The March Continues

1 Raymond J. Wlodkowski and Margery B. Ginsberg, “A Framework for Culturally Responsive Teaching,” Educational Leadership 53, no.1 (1995) 18.

2 Beverly M. Gordon, “African-American Cultural Knowledge and Liberatory Education: Dilemmas, Problems, and Potentials in a Post-Modern American Society,” in Too Much Schooling Too Little Education: A Paradox of Black Life in White Societies, ed. Mwalimu Shujaa (Trenton, NJ: Africa World Press, 1994), 65.

3 Herbert Kohl, Should We Burn Babar? Essays on Children’s Literature and the Power of Stories (New York: New Press, 1995).

4 Keith Catone, “Free Minds, Free People: Education for a Just, Multiracial Future,” Voices in Urban Education 34 (Summer 2012): 4.

5 Campaign for the Civic Mission of Schools, Guardian of Democracy: The Civic Mission of Schools, accessed May 1, 2012,

6 Mariana Souto-Manning, “Negotiating culturally responsive pedagogy through multicultural children’s literature: Towards critical democratic literacy practices in a first grade classroom,” Journal of Early Childhood Literacy 9 (2009): 50. 

7 Deborah Menkart, Alana D. Murray and Jenice L. View, eds., Putting the Movement Back Into Civil Rights Teaching (Washington: Teaching for Change and the Poverty & Race Research Action Council, 2004).

8 Both of the following websites offer virtual exhibits about the civil rights movement: and

9 The Race: Are We So Different project is an excellent resource from the American Anthropological Society that covers the science of human variation, the history of racial categorization and the impact of race as a social contruct

10 Race, Identity, and Importance of Discussion,” YouTube video, 2:57, posted by Teaching Tolerance, March 15, 2012,

11 Beverly Daniel Tatum, “Talking About Race, Learning About Racism: The Application of Racial Identity Development Theory in the Classroom,” Harvard Educational Review 62, no. 1 (February 1992): 2.

12  Jacquelyn Dowd Hall, “The Long Civil Rights Movement and the Political Uses of the Past,” The Journal of American History 91, no. 4 (March 2005): 1233-1263.

13 Laurie B. Green, “Challenging the Civil Rights Narrative,” in Civil Rights History From the Ground Up: Local Struggles, a National Movement, ed. Emilye Crosby (Athens, GA: University of Georgia Press, 2011), 75.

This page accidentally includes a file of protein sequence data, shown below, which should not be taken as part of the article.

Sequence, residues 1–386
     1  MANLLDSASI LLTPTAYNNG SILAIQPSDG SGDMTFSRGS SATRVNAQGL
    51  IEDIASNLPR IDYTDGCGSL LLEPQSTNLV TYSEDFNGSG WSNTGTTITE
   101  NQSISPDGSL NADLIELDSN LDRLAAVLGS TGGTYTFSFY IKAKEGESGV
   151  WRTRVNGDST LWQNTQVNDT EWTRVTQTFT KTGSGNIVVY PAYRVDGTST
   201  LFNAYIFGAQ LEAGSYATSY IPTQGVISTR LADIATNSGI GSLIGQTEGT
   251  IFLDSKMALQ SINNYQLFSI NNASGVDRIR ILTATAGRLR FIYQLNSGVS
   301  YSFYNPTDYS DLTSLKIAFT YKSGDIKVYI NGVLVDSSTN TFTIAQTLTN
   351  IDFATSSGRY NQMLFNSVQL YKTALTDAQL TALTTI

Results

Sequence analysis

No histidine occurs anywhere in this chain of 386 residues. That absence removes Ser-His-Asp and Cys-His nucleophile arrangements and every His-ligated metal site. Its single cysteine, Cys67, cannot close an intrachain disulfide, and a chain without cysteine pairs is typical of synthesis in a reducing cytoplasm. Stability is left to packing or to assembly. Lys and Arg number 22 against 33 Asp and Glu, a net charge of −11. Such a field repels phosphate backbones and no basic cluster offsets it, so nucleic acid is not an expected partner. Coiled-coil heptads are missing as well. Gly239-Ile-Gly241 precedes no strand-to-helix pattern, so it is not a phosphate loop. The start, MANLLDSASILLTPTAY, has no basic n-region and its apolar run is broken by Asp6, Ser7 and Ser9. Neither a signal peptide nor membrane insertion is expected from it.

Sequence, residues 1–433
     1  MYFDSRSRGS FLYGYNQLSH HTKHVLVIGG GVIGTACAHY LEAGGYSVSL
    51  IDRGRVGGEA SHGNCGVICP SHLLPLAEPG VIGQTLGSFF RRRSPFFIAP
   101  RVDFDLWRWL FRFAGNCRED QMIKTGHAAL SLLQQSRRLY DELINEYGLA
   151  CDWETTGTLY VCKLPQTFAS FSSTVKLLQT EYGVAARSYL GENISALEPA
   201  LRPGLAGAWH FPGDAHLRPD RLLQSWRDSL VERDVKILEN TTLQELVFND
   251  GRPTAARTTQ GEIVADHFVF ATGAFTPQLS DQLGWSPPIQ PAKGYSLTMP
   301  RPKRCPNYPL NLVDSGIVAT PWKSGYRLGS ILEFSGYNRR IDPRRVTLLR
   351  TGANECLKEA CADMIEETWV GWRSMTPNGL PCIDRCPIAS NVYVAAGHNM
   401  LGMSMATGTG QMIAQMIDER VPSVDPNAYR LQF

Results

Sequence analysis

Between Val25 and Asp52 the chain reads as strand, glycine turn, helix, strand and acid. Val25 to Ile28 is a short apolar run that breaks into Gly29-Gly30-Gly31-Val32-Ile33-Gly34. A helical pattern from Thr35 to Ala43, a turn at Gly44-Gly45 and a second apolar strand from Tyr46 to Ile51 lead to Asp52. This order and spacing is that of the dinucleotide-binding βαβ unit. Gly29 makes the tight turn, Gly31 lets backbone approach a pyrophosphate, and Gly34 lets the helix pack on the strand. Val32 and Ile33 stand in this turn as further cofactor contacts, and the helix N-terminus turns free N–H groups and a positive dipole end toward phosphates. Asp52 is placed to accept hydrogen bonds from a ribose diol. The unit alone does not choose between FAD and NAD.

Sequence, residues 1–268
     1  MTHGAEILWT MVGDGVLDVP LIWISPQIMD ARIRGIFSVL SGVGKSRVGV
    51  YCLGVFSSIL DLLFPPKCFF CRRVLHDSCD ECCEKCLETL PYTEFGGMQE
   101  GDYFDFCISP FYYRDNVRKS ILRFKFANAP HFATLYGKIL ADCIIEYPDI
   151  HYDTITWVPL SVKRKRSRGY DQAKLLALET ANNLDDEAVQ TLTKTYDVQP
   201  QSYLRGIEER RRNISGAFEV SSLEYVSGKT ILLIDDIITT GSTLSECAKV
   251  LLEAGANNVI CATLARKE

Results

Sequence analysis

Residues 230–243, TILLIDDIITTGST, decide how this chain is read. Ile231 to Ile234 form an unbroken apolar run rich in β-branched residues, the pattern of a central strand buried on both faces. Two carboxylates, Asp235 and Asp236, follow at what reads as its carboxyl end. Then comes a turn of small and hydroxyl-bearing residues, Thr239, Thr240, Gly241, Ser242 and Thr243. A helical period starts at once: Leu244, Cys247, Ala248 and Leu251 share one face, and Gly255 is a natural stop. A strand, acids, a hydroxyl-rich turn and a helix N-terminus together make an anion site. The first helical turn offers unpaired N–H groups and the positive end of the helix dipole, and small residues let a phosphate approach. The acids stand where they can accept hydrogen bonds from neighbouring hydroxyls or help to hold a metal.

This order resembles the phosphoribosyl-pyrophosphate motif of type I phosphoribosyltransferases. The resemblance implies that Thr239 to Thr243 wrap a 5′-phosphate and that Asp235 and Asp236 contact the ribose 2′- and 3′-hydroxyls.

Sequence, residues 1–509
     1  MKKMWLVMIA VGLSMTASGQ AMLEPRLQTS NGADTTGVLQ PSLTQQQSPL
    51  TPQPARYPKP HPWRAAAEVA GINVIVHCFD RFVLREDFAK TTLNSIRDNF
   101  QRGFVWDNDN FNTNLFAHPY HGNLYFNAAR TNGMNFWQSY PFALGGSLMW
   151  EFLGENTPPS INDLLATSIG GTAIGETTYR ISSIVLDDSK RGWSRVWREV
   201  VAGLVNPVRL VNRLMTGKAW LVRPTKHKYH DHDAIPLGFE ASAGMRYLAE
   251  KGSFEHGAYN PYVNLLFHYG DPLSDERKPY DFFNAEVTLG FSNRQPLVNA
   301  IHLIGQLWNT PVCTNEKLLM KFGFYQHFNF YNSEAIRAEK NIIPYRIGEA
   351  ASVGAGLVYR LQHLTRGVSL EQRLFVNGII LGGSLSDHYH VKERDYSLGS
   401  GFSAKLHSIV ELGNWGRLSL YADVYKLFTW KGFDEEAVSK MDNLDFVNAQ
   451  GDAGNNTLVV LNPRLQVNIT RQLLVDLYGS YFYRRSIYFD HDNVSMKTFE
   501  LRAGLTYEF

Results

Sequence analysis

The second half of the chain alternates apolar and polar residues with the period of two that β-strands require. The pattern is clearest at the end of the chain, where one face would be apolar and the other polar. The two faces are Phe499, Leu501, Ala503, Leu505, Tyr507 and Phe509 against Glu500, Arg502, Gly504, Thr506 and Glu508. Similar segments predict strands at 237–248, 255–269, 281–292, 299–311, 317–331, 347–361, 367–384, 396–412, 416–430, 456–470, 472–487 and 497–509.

14 Ellen S. Levine, Freedom’s Children: Young Civil Rights Activists Tell Their Own Stories (New York: Puffin, 2000).

15 Sarah E. Gardner, “Coming of Age in the Movement: Teaching With Personal Narratives,” in Teaching the American Civil Rights Movement, ed. Julie Buckner Armstrong, et al., (New York: Routledge, 2002).

16 Hasan Kwame Jeffries, Bloody Lowndes: Civil Rights and Black Power in Alabama’s Black Belt (New York: New York University Press, 2010), 52.

17 Sarah Anderson, “Finding the Civil Rights Movement in Oregon,” Teaching Tolerance Blog, November 18, 2011,

18 Keith C. Barton, “Primary Sources in History: Breaking through the Myths,” The Phi Delta Kappan 86, no. 10 (June 2005): 746.

19 “Remaking History: Barack Obama, Political Cartoons, and the Civil Rights Movement,” in Civil Rights History From the Ground Up: Local Struggles, a National Movement, ed. Emilye Crosby (Athens, GA: University of Georgia Press, 2011).

20 Terrie Epstein, Interpreting National History: Race, Identity, and Pedagogy in Classrooms and Communities (New York: Routledge, 2009).

21 Anthony L. Brown and Keffrelyn D. Brown, “Strange Fruit Indeed: Interrogating Contemporary Textbook Representations of Racial Violence Toward African Americans,” Teachers College Record 112, no. 1 (January 2010): 57.

22 Derrick Bell, “Brown v. Board of Education and the Interest-Convergence Dilemma,” Harvard Law Review 93 (1980): 518-533.

23 Manning Marable, Race, Reform, and Rebellion: The Second Reconstruction and Beyond in Black America, 1945-2006 (Jackson: University Press of Mississippi, 2007), 71.

24 Meira Levinson, No Citizen Left Behind (Cambridge: Harvard University Press, 2012).

25 Sarah Garcia, January 11, 2012 (12:12 a.m.), comment on Katherine Schulten, “How Do You Teach the Civil Rights Movement?” The Learning Network, June 6, 2012,

"Learning for Justice new fall issue out now."

Read the Newest Issue of ‘Learning for Justice’ Magazine!

In promoting diversity and fighting racism, inclusive education programs forged pathways toward building equitable societies. Now, as our nation confronts multiple assaults on democratic values, we hold firm in the fight to protect—and to expand—democracy through social justice education.

Read Now!